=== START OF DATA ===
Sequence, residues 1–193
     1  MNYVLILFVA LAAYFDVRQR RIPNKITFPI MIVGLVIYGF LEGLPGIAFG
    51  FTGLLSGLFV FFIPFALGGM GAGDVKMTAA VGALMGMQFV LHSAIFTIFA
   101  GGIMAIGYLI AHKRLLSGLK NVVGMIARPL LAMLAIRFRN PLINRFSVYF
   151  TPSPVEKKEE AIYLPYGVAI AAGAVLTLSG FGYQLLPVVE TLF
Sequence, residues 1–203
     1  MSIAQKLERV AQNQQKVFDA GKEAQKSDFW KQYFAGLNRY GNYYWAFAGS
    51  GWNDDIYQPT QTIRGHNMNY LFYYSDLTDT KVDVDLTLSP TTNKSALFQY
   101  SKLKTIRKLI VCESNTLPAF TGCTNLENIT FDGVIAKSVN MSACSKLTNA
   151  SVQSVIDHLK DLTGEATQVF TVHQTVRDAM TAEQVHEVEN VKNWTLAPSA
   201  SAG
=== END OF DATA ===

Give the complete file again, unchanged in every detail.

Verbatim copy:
Sequence, residues 1–193
     1  MNYVLILFVA LAAYFDVRQR RIPNKITFPI MIVGLVIYGF LEGLPGIAFG
    51  FTGLLSGLFV FFIPFALGGM GAGDVKMTAA VGALMGMQFV LHSAIFTIFA
   101  GGIMAIGYLI AHKRLLSGLK NVVGMIARPL LAMLAIRFRN PLINRFSVYF
   151  TPSPVEKKEE AIYLPYGVAI AAGAVLTLSG FGYQLLPVVE TLF
Sequence, residues 1–203
     1  MSIAQKLERV AQNQQKVFDA GKEAQKSDFW KQYFAGLNRY GNYYWAFAGS
    51  GWNDDIYQPT QTIRGHNMNY LFYYSDLTDT KVDVDLTLSP TTNKSALFQY
   101  SKLKTIRKLI VCESNTLPAF TGCTNLENIT FDGVIAKSVN MSACSKLTNA
   151  SVQSVIDHLK DLTGEATQVF TVHQTVRDAM TAEQVHEVEN VKNWTLAPSA
   201  SAG